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The bony thorax with its overlying muscles and integument creates a cage that protects the relatively fragile heart, great vessels, lungs, esophagus, and large lymphatic vessels. Disruption of the thorax by trauma, tumor, congenital anomaly, infection, or surgical intervention can have potentially lethal consequences. Advances in cardiac and thoracic surgery have enabled surgeons to operate safely within these cavities. Positive-pressure ventilation with the use of selective tubes and bronchial blockers permits surgeons to open the pleural spaces and continue respiration while the pleural cavity is disrupted. Technological advances in cardiac surgery include cardiopulmonary bypass, intraaortic balloon pumps, and ventricular assist devices that permit continued or augmented perfusion with oxygenated blood. These advances combined with a better understanding of biomaterials,1–3 tissue-engineered solutions, and advances in plastic and reconstructive surgery4–6 have permitted more complex sternal and chest wall defects to be reconstructed successfully. In this chapter we focus on a multidisciplinary approach to reconstruction of the chest and highlight the three most common flaps used for large defects: the latissimus dorsi muscle, pectoralis major muscle, and omentum.


The chest wall has a robust blood supply provided anteriorly by the internal mammary vessels that are connected via intercostals to the aorta. Multiple other arteries, including the thoracoacromial trunk, transverse cervical artery, and thoracodorsal artery, provide the blood supply to muscles around the upper chest, back, and shoulders. Thorough understanding of the intricacies of the chest wall vasculature, including angiosomes, allows the surgeon to design reliable flap coverage for most defects. Occasionally, if regional flaps are insufficient or unavailable, free-tissue transfer may be necessary to close selected defects.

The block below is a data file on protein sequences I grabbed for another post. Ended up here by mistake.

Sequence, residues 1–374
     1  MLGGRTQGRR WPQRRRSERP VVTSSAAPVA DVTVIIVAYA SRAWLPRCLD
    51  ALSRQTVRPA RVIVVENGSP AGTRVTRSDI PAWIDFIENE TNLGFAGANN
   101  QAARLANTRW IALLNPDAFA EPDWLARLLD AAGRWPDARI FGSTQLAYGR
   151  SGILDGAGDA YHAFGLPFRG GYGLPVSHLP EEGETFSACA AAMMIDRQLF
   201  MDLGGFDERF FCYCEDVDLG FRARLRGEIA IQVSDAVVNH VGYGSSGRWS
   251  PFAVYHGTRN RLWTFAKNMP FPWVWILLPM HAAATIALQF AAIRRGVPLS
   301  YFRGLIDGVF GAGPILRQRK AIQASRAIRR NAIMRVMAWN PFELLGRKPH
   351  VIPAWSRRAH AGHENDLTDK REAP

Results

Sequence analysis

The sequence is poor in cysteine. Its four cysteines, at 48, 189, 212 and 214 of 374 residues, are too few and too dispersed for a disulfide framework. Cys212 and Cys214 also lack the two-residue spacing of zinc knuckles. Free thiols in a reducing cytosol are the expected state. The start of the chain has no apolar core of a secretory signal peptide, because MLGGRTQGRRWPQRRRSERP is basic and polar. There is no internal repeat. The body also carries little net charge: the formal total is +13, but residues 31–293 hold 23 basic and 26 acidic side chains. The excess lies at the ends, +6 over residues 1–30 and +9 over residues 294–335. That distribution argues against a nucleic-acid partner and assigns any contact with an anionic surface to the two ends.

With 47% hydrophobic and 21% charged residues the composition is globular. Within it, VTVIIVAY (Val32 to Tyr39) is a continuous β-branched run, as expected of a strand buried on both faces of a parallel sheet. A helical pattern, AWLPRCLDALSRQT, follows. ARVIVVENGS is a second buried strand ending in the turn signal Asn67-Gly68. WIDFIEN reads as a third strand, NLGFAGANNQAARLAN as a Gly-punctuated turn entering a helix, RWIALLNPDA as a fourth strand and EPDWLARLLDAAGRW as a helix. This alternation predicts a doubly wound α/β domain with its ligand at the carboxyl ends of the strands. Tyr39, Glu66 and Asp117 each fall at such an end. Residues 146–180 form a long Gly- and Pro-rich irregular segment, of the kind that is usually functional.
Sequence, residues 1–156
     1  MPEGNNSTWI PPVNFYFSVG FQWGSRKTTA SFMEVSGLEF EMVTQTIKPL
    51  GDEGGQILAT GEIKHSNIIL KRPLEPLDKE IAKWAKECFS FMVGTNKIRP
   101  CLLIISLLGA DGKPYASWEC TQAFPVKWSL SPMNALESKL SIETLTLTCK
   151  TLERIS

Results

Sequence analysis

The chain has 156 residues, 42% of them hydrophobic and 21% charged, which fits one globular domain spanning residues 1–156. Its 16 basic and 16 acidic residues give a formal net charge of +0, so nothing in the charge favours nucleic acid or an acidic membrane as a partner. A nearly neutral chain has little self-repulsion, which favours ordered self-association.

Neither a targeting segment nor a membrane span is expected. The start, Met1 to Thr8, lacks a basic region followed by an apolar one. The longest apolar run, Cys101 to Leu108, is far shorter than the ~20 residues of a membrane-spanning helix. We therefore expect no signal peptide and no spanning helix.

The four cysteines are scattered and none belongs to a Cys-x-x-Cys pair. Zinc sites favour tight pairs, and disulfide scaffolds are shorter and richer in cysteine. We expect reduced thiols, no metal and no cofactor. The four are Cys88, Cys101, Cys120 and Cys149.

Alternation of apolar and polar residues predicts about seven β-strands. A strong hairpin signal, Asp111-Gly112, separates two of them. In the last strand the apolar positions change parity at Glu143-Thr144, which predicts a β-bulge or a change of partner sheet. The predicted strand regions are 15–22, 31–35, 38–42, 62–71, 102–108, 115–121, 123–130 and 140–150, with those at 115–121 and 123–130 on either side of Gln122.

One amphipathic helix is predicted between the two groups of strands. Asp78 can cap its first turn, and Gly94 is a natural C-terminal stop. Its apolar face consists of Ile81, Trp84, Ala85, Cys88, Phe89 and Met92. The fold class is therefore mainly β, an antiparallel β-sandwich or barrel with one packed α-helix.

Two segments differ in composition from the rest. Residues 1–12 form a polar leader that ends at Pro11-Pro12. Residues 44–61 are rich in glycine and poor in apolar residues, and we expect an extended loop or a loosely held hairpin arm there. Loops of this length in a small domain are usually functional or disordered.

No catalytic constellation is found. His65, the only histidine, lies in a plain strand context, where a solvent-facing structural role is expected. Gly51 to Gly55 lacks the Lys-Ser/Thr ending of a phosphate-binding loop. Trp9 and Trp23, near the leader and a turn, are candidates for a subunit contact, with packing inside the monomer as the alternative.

Large chest wall defects may benefit from a stable reconstruction of the ribs or rib cartilages to maintain adequate pulmonary function. This is generally performed with a variety of materials, including synthetic and biologic implants. An understanding of the biomaterial-tissue interface is critical to planning a reconstructive operation. In addition, the stiffness of the biomaterial should optimally match that of the region being replaced to avoid stress concentrations at the junction between the biomaterial and normal tissue. Meticulous surgical technique is essential to ensure that the flap will survive after transfer. Because of the robust blood supply to the chest skin, many wounds can be closed using moderate tension without tissue breakdown. Many chest wall reconstructive procedures occur before or after radiation therapy. Radiated tissues can be difficult to work with because of increased stiffness and susceptibility to infection.


The reconstructive surgeon must carefully match the many possible solutions to a thoracic defect with the needs of the specific patient. Chest wall compliance is a function of age. Older patients have barrel chest development and stiffening of the costochondral junction. These patients often can tolerate more options for chest wall reconstruction than a younger patient, in whom movement may result in chest wall instability. Younger patients require careful attention to the donor site and ultimate functional and aesthetic outcome and can tolerate ...

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